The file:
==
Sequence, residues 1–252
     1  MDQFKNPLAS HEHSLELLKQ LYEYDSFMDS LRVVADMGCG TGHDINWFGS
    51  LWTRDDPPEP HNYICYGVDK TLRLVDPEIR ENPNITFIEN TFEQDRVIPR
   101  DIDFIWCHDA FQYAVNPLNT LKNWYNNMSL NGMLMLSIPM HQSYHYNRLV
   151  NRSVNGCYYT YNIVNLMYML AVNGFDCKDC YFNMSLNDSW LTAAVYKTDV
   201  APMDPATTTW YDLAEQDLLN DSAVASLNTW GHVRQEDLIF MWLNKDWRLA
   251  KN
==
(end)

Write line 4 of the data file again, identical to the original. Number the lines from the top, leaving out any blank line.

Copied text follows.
   101  DIDFIWCHDA FQYAVNPLNT LKNWYNNMSL NGMLMLSIPM HQSYHYNRLV